Journalists and scholars have written much about the times we have come to call the Civil Rights Era. Most of these civil rights chroniclers, however, were not directly involved and have little intimate personal knowledge of the events or principals who catalyzed the movement. Most civil rights books and articles draw upon formal interviews, newspaper reports, police reports, and FBI investigative reports, which is proper but incomplete.

There have been few direct accounts told by those of us who watched and waited and wailed over the events in Birmingham in those dark days. We watched in horror and fear, waited with dread, and wailed because we were powerless to stop the madness.

This account will try to explain how I came to the day in November 1977 when I was led into a packed courtroom, through a cordon of sheriff’s deputies, to testify against my aunt’s husband, Robert Chambliss—the man accused of murder in the bombing of the Sixteenth Street Baptist Church.

I was the surprise witness the defense did not anticipate and had not prepared for. I came to tell Chambliss’s own words against him; for they were his words and his actions that convicted him. They were words against us all, whether black or white, Southern or Yankee. They were, indeed, words against all humanity.

I cannot tell his story and fail to tell my own story or the stories of others. These are the stories of people who loved and of people who hated. These are the stories of people who struggled as life died in their hearts, breaking them. It was with broken hearts that many of us watched, helpless, as our world exploded.

As I write in 1994, it has been 17 years since one man was convicted for one crime that day in court. On November 18, 1977, Robert Chambliss was convicted for the murder of  11-year-old Denise McNair in the bombing that also killed three other young girls.

This is an account of what I know about that man and the way he affected the lives of so many, not only the victims of the most publicized racist bombing of the Civil Rights Era, but also those of us who grew up and lived under the shadow of his hatred and cruelty.

Yet we must not lose sight of the fact that Robert Chambliss was not a singular enigma. He was not a freak of society. He represented a breed of men and women whose lives were driven by prideful defense of what they believed to be right.

Born near the turn of the twentieth century, Chambliss was typical of his generation and social status. Lacking position and power of either education or birth, he clung fiercely and pridefully to the values of white Southern manhood. He saw his role as a protector of those things he held to be holy. He did not see his actions as crimes of conscience, only as crimes of law—a law that had unfairly changed on him.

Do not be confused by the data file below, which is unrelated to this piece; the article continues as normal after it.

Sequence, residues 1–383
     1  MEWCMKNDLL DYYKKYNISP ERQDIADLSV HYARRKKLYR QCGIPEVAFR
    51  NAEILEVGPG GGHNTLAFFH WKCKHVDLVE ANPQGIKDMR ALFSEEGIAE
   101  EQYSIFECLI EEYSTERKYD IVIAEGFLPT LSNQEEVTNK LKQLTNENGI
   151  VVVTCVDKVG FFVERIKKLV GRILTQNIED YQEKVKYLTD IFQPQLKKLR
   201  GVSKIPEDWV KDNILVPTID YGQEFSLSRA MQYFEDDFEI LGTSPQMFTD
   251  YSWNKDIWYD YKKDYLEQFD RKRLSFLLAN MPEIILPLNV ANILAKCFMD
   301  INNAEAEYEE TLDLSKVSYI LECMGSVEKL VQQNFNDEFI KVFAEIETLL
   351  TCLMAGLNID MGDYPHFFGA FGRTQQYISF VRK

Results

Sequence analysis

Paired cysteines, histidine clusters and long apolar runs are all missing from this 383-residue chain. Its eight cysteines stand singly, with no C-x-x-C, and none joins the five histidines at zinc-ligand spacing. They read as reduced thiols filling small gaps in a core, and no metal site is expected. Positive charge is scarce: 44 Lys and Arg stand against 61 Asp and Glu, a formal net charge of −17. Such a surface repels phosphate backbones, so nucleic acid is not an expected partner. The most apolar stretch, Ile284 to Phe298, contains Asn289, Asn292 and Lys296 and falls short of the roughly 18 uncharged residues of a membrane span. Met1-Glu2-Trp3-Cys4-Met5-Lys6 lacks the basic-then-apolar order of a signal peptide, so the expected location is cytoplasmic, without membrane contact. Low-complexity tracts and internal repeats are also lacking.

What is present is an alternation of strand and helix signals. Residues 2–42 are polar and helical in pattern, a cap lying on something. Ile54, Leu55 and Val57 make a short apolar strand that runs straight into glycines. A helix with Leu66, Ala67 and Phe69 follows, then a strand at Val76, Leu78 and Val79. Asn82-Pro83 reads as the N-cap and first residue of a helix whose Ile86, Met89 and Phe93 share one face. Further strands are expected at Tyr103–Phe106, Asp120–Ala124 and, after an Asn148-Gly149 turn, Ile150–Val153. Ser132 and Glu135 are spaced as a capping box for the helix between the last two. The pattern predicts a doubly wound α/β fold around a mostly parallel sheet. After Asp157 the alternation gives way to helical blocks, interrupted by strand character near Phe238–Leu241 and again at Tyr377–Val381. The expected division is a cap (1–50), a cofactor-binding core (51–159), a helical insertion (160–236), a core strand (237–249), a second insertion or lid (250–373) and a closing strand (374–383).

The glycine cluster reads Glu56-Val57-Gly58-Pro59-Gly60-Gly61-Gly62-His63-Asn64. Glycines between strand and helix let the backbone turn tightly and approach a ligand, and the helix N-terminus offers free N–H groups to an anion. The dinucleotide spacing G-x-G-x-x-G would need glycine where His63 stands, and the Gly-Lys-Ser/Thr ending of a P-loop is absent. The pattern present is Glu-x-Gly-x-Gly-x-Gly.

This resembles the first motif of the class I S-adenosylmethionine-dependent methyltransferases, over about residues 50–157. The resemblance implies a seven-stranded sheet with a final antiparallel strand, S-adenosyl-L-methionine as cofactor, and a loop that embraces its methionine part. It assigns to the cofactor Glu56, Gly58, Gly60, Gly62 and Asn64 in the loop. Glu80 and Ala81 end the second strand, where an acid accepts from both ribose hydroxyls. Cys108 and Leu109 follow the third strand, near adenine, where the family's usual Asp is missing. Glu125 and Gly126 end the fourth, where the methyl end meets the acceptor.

Chambliss was a vigilante, and for many years he was applauded by those in power who could have, but did not, stop him. Then he went too far—he fought too long. Of the many criminals responsible for the murders that resulted from the September 15, 1963, bombing of the Sixteenth Street Baptist Church in Birmingham, only one, Robert Chambliss, was tried for that crime. And of Chambliss’s many crimes, he was tried for only one felony.

For many years I’ve said that someday I would write this book. People who were close to the situation have pleadingly responded, “Please wait until I’m dead.”

I’ve said that someday I would need to tell the story for my own sake, and public officials have pointedly said, “Use the records, but don’t get personal about people who will never be tried.”

I’ve said that some day the story had to be told even if there were people embarrassed or angered. Now, I’ve come to the point in my life when that day can’t be put off any longer. My hope is that some day truth will be more important than politics, and justice will be more important than pride.

That day has been a long time coming. Although there are many people who do not want this account to be published — now or ever — for me, that day is now.

Alabama 1994  


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